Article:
Eagles President Don Smolenski, whose name I love, spoke with reporters today about plans for training camp, which, in case you haven’t heard, will be held at the NovaCare Complex and Lincoln Financial Field. Tim McManus over at Philly Mag has all the relevant details about tickets and practice field renovations, but this one bit, of course, stood out:
Smolenski discussed some of the equipment and technology upgrades at the facility since Chip Kelly took the reins. The team has new weight equipment, more cameras and video technology, and even added another lift to film practice. Further, there are now smart TVs throughout the complex that display the players’ daily schedule, etc. The Eagles have signed on with a company called Catapult Sports, which produces matchbook-size GPS devices packed with sensors that are worn on the uniform to measure things like agility, force and acceleration. In all, we were told that the technology upgrades cost the Eagles more than $1 million.
Yes. Chip Kelly is turning professional football players into automatons. I knew the day was coming. I just knew it, Hal. But I didn’t think it would be so soon.
Here’s how Forbes describes the OptimEye technology for which the Eagles may have paid upwards of $100,000:
Motion-tracking cameras and super slo-mo video analysis have become standard tech toys in the pro sports trainer’s toolbag. Now comes the OptimEye, a wearable sensor out of Australia that’s being sold as a way to squeeze even more performance out of expensive athletes. It’s made by a privately held firm called Catapult Sports that already has contracts with 250 programs in Australian and European pro soccer, national rowing programs, rugby and Aussie-rules football (proving it can take a hit). Catapult has deals now with 5 NBA teams and 6 in the NFL, recently signing the Philadelphia Eagles and Buffalo Bills, with another 12 expected to sign before football season starts in September. “I realized after spending a season in the NBA that there was no real analysis of what the players did in training, and I was quite shocked,” says Dave Hancock, former training coach for Chelsea FC, now with the Knicks. “GPS had been used in the Premier League for the last eight years.”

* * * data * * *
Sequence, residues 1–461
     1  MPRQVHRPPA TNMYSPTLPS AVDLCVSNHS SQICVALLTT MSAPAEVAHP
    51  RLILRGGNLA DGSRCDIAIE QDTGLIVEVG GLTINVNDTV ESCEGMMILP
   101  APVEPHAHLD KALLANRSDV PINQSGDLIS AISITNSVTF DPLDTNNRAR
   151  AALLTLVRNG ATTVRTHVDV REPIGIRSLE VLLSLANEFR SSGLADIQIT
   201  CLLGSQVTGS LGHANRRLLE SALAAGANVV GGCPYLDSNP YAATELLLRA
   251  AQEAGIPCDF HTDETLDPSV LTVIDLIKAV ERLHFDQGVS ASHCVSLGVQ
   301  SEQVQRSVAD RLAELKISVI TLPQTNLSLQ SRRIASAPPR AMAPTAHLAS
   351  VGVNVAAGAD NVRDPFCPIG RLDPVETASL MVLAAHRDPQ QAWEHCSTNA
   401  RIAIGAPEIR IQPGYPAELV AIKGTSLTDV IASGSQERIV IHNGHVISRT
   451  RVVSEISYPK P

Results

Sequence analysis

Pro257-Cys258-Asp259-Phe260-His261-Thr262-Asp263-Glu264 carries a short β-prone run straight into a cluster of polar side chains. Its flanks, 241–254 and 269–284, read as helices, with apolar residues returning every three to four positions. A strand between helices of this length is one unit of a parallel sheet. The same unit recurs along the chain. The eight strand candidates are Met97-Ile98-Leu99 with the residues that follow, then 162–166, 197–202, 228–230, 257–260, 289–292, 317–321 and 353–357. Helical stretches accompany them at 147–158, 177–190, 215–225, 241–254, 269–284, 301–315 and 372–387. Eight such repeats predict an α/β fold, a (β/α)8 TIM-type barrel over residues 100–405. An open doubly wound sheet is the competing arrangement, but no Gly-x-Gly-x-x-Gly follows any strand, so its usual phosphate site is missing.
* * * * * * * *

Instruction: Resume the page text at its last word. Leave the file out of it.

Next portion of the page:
The OptimEye system works by fitting a small ‘bug’ sensor unit in a player’s jersey on their upper back around the T1 vertebra, which then tracks the athlete’s place in 3D space. Accelerometers, magnetometers and gyroscopes not so different from what you’d find in an iPhone track gravitational load, distance and direction data. Unlike your phone though, Catapult then isolates the data using filters to pinpoint an athlete’s exact direction for each acceleration or step. For indoor tracking, Catapult deploys internal stadium antennas to pick up frequencies from athletes in real time, giving an indoor GPS-type solution for hockey and basketball teams without satellite help.
It’s basically the NFL’s PRISM, knowing where you are, what you’re doing and who you’re
emailing tackling at all times. And it’s awesome. Here, look– this is taken from a video on Catapult’s website. Fucking Chip Kelly, he’s playing Tecmo Bowl with Michael Vick. Brilliant. Goddamn brilliant:
Really, who needs game film when you have this?
To recap: Chip Kelly has his players on a healthy diet with customized smoothies, wearing sleep monitors, he’s brainwashed them with cheesy pop, and now, they’ll be fully mechanized. Me thinks the Eagles are going to be very good this year. Basically what All-Madden AI was supposed to be. Fear us, human teams.
Watch the video after the jump.